"He's got to have the lead if he's going to win this race."

"Kansas has always had the ability to score with the basketball."

"NFL to put computer chips in balls." Oh, that's gotta hurt.

"Now that you're in the finals you have to run the race that's going to get you on the podium."

"It's very important for both sides that they stay on their feet."

This is why you get to hate sportscasters. Kansas beats Texas for the first time since 1938. So the pundits open their segment with the question "let's talk about what went wrong." Wrong? Kansas WON a football game! That's what went RIGHT!

"I brought out the thermostat to show you how cold it is here." Points to a thermometer reading zero in Minneapolis.

"It's tough to win on the road when you turn the ball over." Oh, really? Like you can do all right if you turn the ball over playing at home?

Cliches so imbedded in sportscasters' minds they can't help themselves: "Minnesota fell from the ranks of the undefeated today." What ranks? They were the only undefeated team left.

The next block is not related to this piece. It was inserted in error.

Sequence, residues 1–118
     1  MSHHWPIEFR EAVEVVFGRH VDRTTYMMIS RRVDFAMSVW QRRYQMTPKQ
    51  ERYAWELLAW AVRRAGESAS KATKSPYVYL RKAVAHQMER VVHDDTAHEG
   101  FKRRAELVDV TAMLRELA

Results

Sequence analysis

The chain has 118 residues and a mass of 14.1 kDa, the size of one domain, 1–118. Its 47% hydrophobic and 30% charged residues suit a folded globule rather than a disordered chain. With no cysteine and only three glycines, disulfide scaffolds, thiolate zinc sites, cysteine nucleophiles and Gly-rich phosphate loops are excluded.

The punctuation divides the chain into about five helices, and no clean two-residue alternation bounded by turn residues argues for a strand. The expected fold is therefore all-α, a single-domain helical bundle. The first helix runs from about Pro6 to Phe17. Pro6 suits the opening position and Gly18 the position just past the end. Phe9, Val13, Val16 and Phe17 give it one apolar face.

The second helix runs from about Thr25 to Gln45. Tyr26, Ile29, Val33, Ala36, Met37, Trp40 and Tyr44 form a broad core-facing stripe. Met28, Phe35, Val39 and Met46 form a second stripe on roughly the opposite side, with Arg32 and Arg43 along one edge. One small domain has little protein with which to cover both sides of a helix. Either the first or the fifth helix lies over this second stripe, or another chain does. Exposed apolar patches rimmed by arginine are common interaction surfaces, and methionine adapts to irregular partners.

A good one: A 5'10" player went up and caught a pass off a defensive back over six feet tall. The quote? "He's got some hops."

Best homonym of the day so far: "It's all tied. Alabama 34, Kentucky 3." Oh, Tide.

"Steve Hooker commentates on his Olympic pole vault gold medal." When "comments" just won't do.

"He's certainly capable of the top ten, maybe even higher than that."

"Atlanta is capable of doing what they're doing."

"Biyombo, one of seven kids from the Republic of Congo." In the NBA? In America? In his whole country?

"You can't come out and be aggressive but you can't come out and be unaggressive."

"They're gonna be in every game they play!"